<i18n dev> Reading Linux filenames in a way that will map back the same on open?

Martin Buchholz martinrb at google.com
Wed Sep 10 15:14:16 PDT 2008

ISO-8859-1 guarantees round-trip conversion between bytes and chars,
guarateeing no loss of data, or getting apparently impossible situations
where the JDK gives you a list of files in a directory, but you get
File not found when you try to open them.

If you want to show the file names to users, you can always take
your ISO-8859-1 decoded strings, turn them back into byte[],
and decode using UTF-8 later, if you so desired.
(The basic OS interfaces in the JDK are not so flexible.
They are hard-coded to use the one charset specified by file.encoding)


On Wed, Sep 10, 2008 at 14:54, Naoto Sato <Naoto.Sato at sun.com> wrote:
> Why ISO-8859-1?  CJK filenames are guaranteed to fail in that case.  I'd
> rather choose UTF-8, as the default encoding on recent Unix/Linux are all
> UTF-8 so the filenames are likely in UTF-8.
> Naoto
> Martin Buchholz wrote:
>> Java made the decision to use String as an abstraction
>> for many OS-specific objects, like filenames (or environment variables).
>> Most of the time this works fine, but occasionally you can notice
>> that the underlying OS (in the case of Unix) actually uses
>> arbitrary byte arrays as filenames.
>> It would have been much more confusing to provide an interface
>> to filenames that is sometimes a sequence of char, sometimes a
>> sequence of byte.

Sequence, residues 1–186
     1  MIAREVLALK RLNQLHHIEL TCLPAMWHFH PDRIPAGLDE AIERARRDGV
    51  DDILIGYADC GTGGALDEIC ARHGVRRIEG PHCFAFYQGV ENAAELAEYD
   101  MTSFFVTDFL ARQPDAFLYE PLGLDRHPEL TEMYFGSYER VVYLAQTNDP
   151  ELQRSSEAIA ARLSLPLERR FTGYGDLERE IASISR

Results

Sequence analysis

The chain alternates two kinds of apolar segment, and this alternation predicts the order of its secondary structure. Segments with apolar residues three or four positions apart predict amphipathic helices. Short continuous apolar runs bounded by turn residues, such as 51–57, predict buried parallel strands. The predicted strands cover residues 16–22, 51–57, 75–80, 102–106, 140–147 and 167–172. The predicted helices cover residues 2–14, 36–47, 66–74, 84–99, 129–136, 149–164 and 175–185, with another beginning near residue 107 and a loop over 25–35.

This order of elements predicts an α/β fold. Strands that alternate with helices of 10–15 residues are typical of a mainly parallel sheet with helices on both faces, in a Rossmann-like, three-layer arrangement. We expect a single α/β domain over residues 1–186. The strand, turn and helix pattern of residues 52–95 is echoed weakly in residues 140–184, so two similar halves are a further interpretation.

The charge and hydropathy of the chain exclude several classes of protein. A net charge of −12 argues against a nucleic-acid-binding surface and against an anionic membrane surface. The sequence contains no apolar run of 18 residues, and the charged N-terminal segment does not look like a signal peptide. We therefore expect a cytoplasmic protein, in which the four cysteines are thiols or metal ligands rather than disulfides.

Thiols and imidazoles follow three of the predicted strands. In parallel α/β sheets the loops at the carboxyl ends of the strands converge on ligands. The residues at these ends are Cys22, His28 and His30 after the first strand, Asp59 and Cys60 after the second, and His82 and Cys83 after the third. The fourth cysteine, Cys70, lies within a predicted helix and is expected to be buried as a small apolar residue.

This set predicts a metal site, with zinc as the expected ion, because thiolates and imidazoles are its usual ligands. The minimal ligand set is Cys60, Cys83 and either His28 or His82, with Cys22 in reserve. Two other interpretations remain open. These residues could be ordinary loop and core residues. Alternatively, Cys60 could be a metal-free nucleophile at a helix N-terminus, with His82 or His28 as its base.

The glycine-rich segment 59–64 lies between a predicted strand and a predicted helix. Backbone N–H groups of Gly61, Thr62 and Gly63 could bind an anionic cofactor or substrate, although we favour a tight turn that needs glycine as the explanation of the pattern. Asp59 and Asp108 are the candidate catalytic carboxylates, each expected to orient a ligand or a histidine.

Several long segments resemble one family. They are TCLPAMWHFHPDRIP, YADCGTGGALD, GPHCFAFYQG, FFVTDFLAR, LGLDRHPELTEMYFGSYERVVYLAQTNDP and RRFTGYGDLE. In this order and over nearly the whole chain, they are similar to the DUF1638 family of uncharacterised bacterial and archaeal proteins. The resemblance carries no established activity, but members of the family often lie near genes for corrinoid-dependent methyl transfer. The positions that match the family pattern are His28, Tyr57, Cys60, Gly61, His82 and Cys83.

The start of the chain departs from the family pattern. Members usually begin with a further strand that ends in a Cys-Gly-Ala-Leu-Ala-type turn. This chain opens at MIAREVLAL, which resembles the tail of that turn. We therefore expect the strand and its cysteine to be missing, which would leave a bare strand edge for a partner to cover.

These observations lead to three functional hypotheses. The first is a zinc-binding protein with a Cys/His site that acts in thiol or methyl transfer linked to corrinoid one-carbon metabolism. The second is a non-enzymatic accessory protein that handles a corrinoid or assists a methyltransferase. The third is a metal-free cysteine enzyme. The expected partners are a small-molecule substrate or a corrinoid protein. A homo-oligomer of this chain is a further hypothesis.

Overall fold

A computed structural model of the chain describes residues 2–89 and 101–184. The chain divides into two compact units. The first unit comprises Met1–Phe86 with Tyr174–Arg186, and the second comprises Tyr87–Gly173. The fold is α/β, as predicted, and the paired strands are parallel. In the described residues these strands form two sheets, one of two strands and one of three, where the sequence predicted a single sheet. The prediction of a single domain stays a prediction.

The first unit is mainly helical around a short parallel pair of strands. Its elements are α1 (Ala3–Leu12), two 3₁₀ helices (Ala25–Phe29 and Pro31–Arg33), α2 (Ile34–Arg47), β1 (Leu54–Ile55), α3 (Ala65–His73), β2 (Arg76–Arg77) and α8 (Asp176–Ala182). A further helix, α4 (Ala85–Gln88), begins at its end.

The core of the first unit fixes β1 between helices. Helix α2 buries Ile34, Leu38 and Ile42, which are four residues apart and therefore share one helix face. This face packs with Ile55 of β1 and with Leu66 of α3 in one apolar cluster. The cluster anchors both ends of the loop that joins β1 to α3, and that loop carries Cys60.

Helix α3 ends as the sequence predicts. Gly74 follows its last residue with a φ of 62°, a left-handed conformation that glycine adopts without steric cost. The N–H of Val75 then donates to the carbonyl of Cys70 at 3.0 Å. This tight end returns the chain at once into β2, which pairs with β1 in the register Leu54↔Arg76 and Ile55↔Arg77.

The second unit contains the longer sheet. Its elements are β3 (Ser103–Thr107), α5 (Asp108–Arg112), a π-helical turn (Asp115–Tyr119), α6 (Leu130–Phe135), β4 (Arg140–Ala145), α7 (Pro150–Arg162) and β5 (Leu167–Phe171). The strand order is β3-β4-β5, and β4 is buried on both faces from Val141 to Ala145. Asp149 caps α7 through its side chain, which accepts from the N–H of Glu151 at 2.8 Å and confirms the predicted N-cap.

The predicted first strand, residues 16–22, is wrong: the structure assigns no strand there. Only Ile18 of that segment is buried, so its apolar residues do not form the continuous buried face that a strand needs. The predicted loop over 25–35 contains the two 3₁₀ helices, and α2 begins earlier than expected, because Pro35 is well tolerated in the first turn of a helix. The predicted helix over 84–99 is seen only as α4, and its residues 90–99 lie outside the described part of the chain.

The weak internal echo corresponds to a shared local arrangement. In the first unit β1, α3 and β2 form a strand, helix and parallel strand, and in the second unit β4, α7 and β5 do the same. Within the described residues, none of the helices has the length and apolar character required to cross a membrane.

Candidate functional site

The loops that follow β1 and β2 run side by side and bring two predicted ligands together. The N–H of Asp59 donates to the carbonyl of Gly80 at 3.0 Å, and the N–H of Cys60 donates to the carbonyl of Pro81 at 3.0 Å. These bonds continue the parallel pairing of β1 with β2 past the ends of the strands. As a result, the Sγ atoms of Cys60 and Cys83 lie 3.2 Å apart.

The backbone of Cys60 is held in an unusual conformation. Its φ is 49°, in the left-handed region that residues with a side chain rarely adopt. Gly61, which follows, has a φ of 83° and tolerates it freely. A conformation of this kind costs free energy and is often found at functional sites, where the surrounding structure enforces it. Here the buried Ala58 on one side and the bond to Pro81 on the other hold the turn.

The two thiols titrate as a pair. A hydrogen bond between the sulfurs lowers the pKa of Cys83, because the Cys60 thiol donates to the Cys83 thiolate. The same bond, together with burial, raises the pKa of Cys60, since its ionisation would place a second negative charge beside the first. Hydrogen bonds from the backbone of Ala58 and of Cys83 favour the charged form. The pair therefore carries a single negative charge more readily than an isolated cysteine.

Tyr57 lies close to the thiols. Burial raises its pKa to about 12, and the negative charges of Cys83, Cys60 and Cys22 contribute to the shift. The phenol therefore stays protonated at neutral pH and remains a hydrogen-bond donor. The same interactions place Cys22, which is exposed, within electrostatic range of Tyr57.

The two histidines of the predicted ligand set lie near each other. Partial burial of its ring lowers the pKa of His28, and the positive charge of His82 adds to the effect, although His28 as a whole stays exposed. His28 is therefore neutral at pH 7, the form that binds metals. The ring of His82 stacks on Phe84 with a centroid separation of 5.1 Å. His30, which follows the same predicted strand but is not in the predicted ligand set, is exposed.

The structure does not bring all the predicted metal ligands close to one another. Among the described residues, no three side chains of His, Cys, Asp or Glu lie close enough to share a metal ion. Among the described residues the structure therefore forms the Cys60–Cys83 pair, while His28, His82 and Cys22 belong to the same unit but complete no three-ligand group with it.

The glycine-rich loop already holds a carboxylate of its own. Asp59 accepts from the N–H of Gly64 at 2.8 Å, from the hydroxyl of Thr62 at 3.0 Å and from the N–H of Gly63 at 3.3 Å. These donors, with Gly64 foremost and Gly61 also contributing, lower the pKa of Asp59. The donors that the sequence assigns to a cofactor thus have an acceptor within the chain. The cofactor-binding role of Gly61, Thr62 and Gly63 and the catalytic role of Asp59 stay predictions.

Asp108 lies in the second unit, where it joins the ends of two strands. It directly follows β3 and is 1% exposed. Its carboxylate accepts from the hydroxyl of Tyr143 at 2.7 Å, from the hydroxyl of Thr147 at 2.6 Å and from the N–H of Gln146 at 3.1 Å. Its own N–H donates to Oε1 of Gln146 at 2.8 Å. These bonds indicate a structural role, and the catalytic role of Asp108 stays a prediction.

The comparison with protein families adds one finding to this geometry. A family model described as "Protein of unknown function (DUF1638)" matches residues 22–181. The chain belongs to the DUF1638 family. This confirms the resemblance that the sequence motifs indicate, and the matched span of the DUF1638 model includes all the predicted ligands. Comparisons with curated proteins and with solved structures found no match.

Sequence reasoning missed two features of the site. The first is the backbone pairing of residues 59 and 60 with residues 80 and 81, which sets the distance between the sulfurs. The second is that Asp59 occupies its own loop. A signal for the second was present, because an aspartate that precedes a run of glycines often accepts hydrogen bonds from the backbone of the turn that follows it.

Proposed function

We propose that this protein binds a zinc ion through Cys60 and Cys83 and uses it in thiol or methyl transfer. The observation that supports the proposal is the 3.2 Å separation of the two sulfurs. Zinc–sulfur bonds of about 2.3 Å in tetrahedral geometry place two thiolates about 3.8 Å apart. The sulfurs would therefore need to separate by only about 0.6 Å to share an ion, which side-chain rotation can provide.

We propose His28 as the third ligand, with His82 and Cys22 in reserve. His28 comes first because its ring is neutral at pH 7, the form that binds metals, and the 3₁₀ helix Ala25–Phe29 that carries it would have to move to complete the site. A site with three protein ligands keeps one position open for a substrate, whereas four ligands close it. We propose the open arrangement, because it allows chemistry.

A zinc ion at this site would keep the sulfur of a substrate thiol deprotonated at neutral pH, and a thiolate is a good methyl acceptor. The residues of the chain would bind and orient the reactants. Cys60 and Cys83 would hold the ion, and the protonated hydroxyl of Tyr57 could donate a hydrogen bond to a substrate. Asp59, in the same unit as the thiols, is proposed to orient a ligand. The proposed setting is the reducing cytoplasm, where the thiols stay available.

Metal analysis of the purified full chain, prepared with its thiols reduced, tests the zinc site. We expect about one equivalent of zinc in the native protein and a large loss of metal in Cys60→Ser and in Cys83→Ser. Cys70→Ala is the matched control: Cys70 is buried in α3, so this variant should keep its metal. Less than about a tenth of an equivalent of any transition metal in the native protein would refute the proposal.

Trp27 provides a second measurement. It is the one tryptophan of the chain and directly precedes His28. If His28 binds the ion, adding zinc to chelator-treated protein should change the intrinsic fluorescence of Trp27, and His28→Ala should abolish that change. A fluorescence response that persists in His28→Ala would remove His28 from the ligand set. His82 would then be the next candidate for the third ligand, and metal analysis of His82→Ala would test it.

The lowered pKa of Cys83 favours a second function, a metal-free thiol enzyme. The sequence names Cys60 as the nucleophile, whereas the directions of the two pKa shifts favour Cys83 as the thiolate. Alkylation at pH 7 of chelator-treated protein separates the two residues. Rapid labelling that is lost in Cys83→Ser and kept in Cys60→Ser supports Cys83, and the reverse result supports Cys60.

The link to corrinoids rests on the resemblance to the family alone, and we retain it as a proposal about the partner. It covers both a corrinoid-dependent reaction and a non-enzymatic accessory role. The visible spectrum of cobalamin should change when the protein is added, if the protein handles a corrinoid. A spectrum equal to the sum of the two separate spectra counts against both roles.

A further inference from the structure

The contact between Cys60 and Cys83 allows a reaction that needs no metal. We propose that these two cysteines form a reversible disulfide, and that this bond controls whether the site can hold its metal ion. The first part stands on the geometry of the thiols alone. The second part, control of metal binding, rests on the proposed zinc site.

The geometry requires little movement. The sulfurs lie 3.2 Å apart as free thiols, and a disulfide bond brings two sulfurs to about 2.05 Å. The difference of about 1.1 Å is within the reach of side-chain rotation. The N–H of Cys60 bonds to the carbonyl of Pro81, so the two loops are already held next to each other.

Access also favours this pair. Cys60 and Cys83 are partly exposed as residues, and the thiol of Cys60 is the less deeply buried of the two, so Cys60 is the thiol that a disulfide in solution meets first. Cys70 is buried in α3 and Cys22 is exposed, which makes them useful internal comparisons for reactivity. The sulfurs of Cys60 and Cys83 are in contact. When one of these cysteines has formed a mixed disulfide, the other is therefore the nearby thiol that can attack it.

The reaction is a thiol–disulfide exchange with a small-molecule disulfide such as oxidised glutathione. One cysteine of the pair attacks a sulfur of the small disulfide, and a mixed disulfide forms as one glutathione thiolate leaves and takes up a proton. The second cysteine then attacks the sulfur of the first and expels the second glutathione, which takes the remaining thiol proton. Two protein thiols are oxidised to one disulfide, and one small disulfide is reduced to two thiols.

>> So this is unlikely to change.
>> But if all you want is reliable reversible conversion,
>> using java -Dfile.encoding=ISO-8859-1
>> should do the trick.
>> Martin
>> On Tue, Sep 9, 2008 at 17:39, Dan Stromberg <dstromberglists at gmail.com>
>> wrote:
>>> Sorry if this is the wrong list for this question.  I tried asking it
>>> on comp.lang.java, but didn't get very far there.
>>> I've been wanting to expand my horizons a bit by taking one of my
>>> programs and rewriting it into a number of other languages.  It
>>> started life in python, and I've recoded it into perl
>>> (http://stromberg.dnsalias.org/~strombrg/equivalence-classes.html).
>>> Next on my list is java.  After that I'll probably do Haskell and
>>> Eiffel/Sather.
>>> So the python and perl versions were pretty easy, but I'm finding that
>>> the java version has a somewhat solution-resistant problem with
>>> non-ASCII filenames.
>>> The program just reads filenames from stdin (usually generated with
>>> the *ix find command), and then compares those files, dividing them up
>>> into equal groups.
>>> The problem with the java version, which manifests both with OpenJDK
>>> and gcj, is that the filenames being read from disk are 8 bit, and the
>>> filenames opened by the OpenJDK JVM or gcj-compiled binary are 8 bit,
>>> but as far as the java language is concerned, those filenames are made
>>> up of 16 bit characters.  That's fine, but going from 8 to 16 bit and
>>> back to 8 bit seems to be non-information-preserving in this case,
>>> which isn't so fine - I can clearly see the program, in an strace,
>>> reading with one sequence of bytes, but then trying to open
>>> another-though-related sequence of bytes.  To be perfectly clear: It's
>>> getting file not found errors.
>>> By playing with $LC_ALL, $LC_CTYPE and $LANG, it appears I can get the
>>> program to handle files with one encoding, but not another.  I've
>>> tried a bunch of values in these variables, including ISO-8859-1, C,
>>> POSIX, UTF-8, and so on.
>>> Is there such a thing as a filename encoding that will map 8 bit
>>> filenames to 16 bit characters, but only using the low 8 bits of those
>>> 16, and then map back to 8 bit filenames only using those low 8 bits
>>> again?
>>> Is there some other way of making a Java program on Linux able to read
>>> filenames from stdin and later open those filenames?
>>> Thanks!
> --
> Naoto Sato

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